Let’s say your CEO fires a 53-year-old woman and says he’s doing it because she’s “old and ugly.”
If she finds out about it, can she sue for age discrimination?
My guess is 100 percent of you would say, “What are you, stupid? Of course she can!”
The following is a true story: A property management company in Oklahoma hired a new CEO. After his first month on the job, he terminated seven employees, as new CEOs tend to do. The next day, he fired an eighth — a 53-year-old property manager named Ms. Strength. According to three people, the CEO privately told them that he terminated Ms. Strength because she was “old and ugly” and that he wanted someone “younger and prettier” in her position, and that he didn’t think she could meet potential tenants and entertain existing tenants after work because she was “older.” (The CEO denies having made any of these comments.)
Oh, and the company gave Ms. Strength a letter saying her job had been eliminated, when it actually hadn’t.
As you can imagine, the lawyers at the Equal Employment Opportunity Commission, having taken a few hits recently, found the case somewhat attractive from a litigation standpoint. In fact, they were like a wild dog smelling red meat.
So the EEOC sued the company on behalf of Ms. Strength for age discrimination, and the company filed a motion for summary judgment. You have to admit, that took nerve. Actually, it probably wasn’t nerve so much as desperation. Juries are notorious for sympathizing with older workers, and the company did not want this case to get to a jury.
I don’t know if there is anything called a “Hail Mary” motion for summary judgment, but there should be, and I believe this was one.
What in the world did the company argue? OK, I’m not saying these are good arguments, but here is what they said:
1. The Age Discrimination in Employment Act requires the plaintiff to show that “but for” a discriminatory motive, she would not have been fired or otherwise subjected to adverse employment action. Assuming that the CEO really made these comments (as the company was required to do at the summary judgment stage), he said that Ms. Strength was fired not only because she was old, but also because she was ugly. Therefore, age discrimination was not his only motivation — “looksism” was the other. And since he had two motives, the company should get summary judgment on the age discrimination claim.
Of course, the court shot this down. First, the court said, just because age has to be the “but for” cause, that doesn’t mean that it has to be the only cause. It’s more like the straw that broke the camel’s back. You can have other causes, but if the discriminatory cause is the one that puts the camel in traction, then the discriminatory cause is still the “but for” cause. My esteemed colleague Donna Ballman pointed this out not too long ago, after the Supreme Court’s decision requiring “but for” causation in retaliation cases.
Second, the court said, the CEO may have thought Ms. Strength was “ugly” only because she was “old.” You know the type, amIrightoramIright?
2. Then the company’s lawyers got even more creative. They were like, Oh, well, even if we have to go to trial on the age discrimination claim, the EEOC shouldn’t be allowed to get more than $100,000 because Ms. Strength admitted in her deposition that she would take $100,000.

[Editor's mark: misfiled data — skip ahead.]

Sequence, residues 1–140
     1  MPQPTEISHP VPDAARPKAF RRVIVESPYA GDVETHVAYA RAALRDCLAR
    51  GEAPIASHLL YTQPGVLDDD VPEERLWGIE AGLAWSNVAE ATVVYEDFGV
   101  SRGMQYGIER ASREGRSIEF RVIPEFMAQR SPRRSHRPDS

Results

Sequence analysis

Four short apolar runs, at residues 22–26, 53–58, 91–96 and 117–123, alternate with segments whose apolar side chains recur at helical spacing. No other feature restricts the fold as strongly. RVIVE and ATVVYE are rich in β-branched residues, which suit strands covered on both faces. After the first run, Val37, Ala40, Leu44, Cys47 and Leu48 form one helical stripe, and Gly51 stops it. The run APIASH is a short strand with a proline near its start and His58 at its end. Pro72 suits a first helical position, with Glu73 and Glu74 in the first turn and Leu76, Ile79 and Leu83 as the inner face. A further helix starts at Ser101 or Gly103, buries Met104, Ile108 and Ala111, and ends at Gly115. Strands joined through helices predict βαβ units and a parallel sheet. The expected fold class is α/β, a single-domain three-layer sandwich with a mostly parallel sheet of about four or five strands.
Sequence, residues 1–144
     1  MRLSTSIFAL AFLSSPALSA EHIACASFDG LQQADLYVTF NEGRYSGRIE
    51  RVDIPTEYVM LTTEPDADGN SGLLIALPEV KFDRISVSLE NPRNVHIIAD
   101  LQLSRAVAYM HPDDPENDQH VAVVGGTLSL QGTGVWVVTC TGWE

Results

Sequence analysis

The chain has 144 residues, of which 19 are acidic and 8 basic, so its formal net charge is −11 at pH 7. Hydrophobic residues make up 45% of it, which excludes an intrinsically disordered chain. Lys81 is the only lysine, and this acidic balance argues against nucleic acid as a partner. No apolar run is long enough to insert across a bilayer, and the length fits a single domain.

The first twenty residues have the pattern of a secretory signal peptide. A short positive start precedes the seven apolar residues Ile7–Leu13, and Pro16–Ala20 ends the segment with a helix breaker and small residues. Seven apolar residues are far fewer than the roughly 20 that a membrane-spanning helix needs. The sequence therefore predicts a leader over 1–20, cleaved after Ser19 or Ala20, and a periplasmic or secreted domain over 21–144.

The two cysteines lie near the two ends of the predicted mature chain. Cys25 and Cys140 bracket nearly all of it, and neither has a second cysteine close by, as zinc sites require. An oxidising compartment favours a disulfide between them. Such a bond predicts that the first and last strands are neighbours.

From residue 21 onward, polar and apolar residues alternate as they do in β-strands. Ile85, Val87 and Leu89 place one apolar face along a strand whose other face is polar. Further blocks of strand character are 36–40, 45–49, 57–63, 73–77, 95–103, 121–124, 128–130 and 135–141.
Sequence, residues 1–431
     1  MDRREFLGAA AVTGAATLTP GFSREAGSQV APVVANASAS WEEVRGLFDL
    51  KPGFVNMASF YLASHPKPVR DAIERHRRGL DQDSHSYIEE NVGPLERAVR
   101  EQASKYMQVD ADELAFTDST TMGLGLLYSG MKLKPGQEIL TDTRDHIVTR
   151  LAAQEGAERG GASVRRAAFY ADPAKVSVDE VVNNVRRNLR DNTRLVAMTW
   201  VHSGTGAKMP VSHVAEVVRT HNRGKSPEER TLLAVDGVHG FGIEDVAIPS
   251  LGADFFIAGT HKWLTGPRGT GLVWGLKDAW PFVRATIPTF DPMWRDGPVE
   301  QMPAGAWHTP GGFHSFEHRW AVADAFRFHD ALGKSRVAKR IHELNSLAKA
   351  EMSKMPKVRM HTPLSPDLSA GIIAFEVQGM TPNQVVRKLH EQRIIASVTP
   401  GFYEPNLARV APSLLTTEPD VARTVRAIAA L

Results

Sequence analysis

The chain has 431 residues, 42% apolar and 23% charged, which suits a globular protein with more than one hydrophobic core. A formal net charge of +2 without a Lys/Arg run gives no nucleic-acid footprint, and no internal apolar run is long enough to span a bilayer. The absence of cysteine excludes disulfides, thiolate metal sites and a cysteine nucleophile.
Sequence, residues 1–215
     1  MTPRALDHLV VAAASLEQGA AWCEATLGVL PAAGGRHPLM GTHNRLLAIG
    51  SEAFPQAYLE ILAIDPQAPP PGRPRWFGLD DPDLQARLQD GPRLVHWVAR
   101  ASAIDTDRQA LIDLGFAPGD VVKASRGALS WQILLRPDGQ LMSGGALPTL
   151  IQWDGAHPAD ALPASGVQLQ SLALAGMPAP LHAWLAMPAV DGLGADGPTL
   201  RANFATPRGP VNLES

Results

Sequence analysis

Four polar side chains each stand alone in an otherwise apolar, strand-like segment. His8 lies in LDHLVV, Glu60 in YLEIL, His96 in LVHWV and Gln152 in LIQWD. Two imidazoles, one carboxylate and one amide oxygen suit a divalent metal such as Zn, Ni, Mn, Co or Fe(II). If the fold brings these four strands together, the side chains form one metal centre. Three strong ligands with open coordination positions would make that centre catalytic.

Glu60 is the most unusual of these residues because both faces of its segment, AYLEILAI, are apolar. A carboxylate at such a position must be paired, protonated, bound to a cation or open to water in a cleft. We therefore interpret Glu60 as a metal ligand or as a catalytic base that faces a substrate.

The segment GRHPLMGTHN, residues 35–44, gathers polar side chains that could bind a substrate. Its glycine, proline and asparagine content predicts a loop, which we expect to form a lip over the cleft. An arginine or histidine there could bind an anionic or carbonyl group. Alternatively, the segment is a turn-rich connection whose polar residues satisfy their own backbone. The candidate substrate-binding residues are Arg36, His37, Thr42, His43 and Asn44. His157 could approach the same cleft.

(Under the ADEA, a prevailing plaintiff can recover back pay and benefits, front pay and benefits, plus that much again as liquidated damages, and — assuming she had her own attorney — attorneys’ fees, expert witness fees, and costs. In all likelihood, for a 53-year-old with a responsible position, significantly more than $100,000.)
Here’s what happened in the deposition. The company’s lawyer asked her, “If I could write a check to you, what amount would make you happy?” After some objections and argument between the lawyers, Ms. Strength said, “To be treated fairly . . ..” The lawyer said, “I’m asking for a figure. I want to know the amount. . . . You walk out of here today and have a Merry Christmas, what amount would that be?” Ms. Strength said, “100,000.”
Settlement negotiations are normally inadmissible. The EEOC (correctly, in my opinion) said that this was an inadmissible “settlement negotiation,” and also that the EEOC wasn’t limited to seeking what Ms. Strength might have accepted. The court agreed.
3. Finally, both the EEOC and the company moved for summary judgment on Ms. Strength’s alleged failure to mitigate her damages. The court granted the EEOC’s motion and denied the company’s.
(Does that make four strikes? And have I mixed enough metaphors in this post?)
I think the moral of this story if you’re an employer, and especially if you’re in HR or in-house counsel, is to do your best to make sure your executives don’t do stupid things, like firing people because they’re over the age of 50. (Or, for that matter, because they’re ugly — appearance discrimination is against the law in many jurisdictions, plus it’s mean to pick on people just because they’re homely.) Once somebody at the CEO level (allegedly) pulls a stunt like this, there is very little that you can do as a company except to give the plaintiff that check for $100 grand fast, before she changes her mind.
Robin Shea is presenting at the 2013 Triad Employment Law Update on November 5th at the Grandover Resort in Greensboro. In addition to receiving best practices for hiring and firing employees, attorneys from Constangy, Brooks and Smith, LLP will provide you with the most recent updates in state and federal employment law. Register today at www.capital.org/triadlaw.